No country can claim to be role model in HR
French Ambassador to Bangladesh Charley Causeret on Wednesday said no country can claim to be a role model in the area of Human Rights as none can claim to perfectly uphold Human Rights.
He made the remarks at a function at French Embassy to mark the 60th anniversary of the Universal Declaration of the Human Rights.
“The developed countries seemingly have a more theoretical approach while developing states, confronted with everyday hardship, have adopted a more pragmatic one. These two groups of countries have much to learn from each other,” he said.
National Human Rights Commission Chairman Justice Amirul Kabir Chowdhury, Additional Foreign Secretary MAK Mahmood, and Dr Meghna Guha Thakurta spoke on the occasion.
The French ambassador believed that developed countries have much to learn from developing countries.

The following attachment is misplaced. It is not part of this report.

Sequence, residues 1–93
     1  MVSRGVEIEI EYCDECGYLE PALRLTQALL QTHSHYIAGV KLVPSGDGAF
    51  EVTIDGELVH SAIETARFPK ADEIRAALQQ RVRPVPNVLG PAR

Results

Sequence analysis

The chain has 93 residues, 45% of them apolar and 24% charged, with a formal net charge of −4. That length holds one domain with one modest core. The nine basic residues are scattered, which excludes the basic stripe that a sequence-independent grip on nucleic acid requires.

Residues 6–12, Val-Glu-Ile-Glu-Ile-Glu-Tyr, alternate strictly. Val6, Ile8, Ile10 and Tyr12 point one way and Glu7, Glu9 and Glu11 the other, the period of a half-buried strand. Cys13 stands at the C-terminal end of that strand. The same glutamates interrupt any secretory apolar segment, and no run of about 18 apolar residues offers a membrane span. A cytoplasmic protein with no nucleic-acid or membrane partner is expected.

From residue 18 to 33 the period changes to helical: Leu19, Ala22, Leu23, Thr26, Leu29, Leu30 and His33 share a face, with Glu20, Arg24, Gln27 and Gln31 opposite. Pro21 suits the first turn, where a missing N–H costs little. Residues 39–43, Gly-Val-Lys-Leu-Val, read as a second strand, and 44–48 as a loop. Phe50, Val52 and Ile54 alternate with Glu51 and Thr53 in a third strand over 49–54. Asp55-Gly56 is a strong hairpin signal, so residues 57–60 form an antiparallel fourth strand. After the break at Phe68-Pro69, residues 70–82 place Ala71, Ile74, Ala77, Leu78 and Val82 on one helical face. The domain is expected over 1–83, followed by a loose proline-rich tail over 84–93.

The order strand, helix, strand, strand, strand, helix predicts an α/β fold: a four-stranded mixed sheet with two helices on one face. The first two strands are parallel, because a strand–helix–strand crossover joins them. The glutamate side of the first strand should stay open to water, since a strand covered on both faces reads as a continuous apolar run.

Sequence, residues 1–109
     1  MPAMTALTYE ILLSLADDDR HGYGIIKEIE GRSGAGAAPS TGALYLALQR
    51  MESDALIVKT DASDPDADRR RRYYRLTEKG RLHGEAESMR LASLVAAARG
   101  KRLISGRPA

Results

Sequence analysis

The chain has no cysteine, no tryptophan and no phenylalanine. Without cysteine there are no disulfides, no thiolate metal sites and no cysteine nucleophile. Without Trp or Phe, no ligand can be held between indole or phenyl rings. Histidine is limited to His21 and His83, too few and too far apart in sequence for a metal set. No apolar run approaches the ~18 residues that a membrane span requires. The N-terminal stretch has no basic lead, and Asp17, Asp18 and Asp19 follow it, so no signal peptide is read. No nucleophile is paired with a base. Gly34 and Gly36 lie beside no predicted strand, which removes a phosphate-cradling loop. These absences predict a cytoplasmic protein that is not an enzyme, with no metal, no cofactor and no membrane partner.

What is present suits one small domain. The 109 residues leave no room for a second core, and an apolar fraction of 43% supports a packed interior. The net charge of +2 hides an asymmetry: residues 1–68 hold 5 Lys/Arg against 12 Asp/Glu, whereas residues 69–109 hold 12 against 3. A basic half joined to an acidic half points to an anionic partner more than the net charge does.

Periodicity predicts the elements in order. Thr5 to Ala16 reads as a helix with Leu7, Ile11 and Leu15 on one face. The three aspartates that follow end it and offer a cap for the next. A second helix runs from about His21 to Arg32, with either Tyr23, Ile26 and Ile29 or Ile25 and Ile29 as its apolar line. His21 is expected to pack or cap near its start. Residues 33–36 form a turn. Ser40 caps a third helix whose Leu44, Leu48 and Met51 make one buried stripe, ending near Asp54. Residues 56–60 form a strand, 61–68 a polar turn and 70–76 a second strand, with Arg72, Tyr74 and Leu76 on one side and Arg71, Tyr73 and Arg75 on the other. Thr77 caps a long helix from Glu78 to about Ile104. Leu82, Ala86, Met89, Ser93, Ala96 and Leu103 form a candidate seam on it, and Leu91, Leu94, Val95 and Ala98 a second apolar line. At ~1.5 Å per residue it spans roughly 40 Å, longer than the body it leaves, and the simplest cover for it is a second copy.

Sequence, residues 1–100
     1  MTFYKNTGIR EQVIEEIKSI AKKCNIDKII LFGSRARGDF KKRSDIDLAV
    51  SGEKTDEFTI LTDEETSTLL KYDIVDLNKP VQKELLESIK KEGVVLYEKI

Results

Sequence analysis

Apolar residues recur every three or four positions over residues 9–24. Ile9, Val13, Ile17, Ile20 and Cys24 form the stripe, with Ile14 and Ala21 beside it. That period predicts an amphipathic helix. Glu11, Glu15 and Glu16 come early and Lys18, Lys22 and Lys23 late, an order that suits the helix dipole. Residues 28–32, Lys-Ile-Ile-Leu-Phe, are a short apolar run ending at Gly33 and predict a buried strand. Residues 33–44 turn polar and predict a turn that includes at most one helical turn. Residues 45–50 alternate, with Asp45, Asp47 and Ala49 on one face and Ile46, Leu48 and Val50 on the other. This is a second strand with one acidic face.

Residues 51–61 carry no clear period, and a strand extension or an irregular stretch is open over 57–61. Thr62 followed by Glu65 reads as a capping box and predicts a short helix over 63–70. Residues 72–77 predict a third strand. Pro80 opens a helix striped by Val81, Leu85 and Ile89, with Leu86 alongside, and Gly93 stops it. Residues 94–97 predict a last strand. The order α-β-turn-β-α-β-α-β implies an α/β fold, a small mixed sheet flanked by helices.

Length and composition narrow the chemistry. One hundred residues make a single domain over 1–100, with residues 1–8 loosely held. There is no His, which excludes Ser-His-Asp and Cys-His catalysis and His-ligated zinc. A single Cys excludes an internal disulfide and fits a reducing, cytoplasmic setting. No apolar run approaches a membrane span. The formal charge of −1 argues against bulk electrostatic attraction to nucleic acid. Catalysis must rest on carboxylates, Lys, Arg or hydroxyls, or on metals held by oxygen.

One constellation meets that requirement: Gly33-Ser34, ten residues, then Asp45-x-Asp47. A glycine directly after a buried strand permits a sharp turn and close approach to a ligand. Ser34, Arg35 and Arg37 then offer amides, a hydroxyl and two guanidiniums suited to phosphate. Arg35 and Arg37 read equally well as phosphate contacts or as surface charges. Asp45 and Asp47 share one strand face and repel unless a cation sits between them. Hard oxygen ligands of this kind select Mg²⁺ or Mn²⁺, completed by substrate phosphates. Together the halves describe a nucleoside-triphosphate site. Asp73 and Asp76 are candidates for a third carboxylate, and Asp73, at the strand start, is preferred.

Citing two examples, he said in Mali, every year the president and all the members of the government stand in front of the media and anyone dealing with the protection of human rights to answer to their questions, even the most embarrassing ones.
The ambassador said would political leaders of developed countries be ready to submit to such a practice.
Mentioning the micro-credit programme in Bangladesh, he said this system once appropriately implemented has brought economic empowerment to millions of women, not only in this country, but also in many developed ones.
In his remarks Additional Foreign Secretary Mahmood said at the global level, success in protecting and promoting human rights has been mixed.
“While we can claim certain degree of clarity at the conceptual level- civil, political, economic, social and cultural rights, adherence to a universally reconginsed standard has still remained far from satisfactory in most part of the world.”
Mahmood said people are still exposed to multifarious violation of fundamental rights caused by factors political to economic, from cultural to institutional.
Establishment of the National Human Rights Commission, enactment of the Right to Information Act, and separation of the subordinate judiciary from the executive are some of the reform initiatives that one can hope would strengthen the governance structures for protection of people's economic, political and socio-cultural rights.